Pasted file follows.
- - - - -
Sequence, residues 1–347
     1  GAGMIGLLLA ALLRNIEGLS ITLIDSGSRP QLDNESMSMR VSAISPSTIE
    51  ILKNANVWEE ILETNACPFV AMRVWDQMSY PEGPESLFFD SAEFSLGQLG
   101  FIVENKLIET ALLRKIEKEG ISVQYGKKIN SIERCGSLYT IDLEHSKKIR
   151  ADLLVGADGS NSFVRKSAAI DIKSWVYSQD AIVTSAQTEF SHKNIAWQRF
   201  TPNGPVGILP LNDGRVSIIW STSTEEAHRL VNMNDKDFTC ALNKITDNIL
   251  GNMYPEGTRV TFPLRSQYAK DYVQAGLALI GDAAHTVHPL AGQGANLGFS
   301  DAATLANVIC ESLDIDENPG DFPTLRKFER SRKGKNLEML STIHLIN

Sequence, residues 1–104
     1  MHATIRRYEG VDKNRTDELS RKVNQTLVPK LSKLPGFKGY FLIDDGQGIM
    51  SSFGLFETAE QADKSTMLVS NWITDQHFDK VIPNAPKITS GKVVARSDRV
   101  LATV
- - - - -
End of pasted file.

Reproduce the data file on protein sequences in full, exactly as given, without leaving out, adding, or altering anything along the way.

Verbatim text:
Sequence, residues 1–347
     1  GAGMIGLLLA ALLRNIEGLS ITLIDSGSRP QLDNESMSMR VSAISPSTIE
    51  ILKNANVWEE ILETNACPFV AMRVWDQMSY PEGPESLFFD SAEFSLGQLG
   101  FIVENKLIET ALLRKIEKEG ISVQYGKKIN SIERCGSLYT IDLEHSKKIR
   151  ADLLVGADGS NSFVRKSAAI DIKSWVYSQD AIVTSAQTEF SHKNIAWQRF
   201  TPNGPVGILP LNDGRVSIIW STSTEEAHRL VNMNDKDFTC ALNKITDNIL
   251  GNMYPEGTRV TFPLRSQYAK DYVQAGLALI GDAAHTVHPL AGQGANLGFS
   301  DAATLANVIC ESLDIDENPG DFPTLRKFER SRKGKNLEML STIHLIN

Sequence, residues 1–104
     1  MHATIRRYEG VDKNRTDELS RKVNQTLVPK LSKLPGFKGY FLIDDGQGIM
    51  SSFGLFETAE QADKSTMLVS NWITDQHFDK VIPNAPKITS GKVVARSDRV
   101  LATV